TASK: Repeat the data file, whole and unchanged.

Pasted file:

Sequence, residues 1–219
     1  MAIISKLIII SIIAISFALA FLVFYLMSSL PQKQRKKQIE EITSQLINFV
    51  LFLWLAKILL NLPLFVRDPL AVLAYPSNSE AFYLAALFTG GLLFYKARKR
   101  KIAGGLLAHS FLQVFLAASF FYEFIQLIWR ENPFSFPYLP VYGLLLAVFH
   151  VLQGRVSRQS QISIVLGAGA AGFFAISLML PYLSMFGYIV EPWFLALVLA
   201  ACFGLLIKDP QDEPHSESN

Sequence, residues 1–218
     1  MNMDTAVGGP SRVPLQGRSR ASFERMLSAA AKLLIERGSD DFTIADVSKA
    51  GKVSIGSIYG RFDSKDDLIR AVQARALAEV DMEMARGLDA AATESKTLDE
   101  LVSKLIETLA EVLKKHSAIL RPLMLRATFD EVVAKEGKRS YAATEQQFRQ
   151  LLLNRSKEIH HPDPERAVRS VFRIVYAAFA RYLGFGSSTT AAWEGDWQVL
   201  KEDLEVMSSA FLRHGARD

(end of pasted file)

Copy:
Sequence, residues 1–219
     1  MAIISKLIII SIIAISFALA FLVFYLMSSL PQKQRKKQIE EITSQLINFV
    51  LFLWLAKILL NLPLFVRDPL AVLAYPSNSE AFYLAALFTG GLLFYKARKR
   101  KIAGGLLAHS FLQVFLAASF FYEFIQLIWR ENPFSFPYLP VYGLLLAVFH
   151  VLQGRVSRQS QISIVLGAGA AGFFAISLML PYLSMFGYIV EPWFLALVLA
   201  ACFGLLIKDP QDEPHSESN

Sequence, residues 1–218
     1  MNMDTAVGGP SRVPLQGRSR ASFERMLSAA AKLLIERGSD DFTIADVSKA
    51  GKVSIGSIYG RFDSKDDLIR AVQARALAEV DMEMARGLDA AATESKTLDE
   101  LVSKLIETLA EVLKKHSAIL RPLMLRATFD EVVAKEGKRS YAATEQQFRQ
   151  LLLNRSKEIH HPDPERAVRS VFRIVYAAFA RYLGFGSSTT AAWEGDWQVL
   201  KEDLEVMSSA FLRHGARD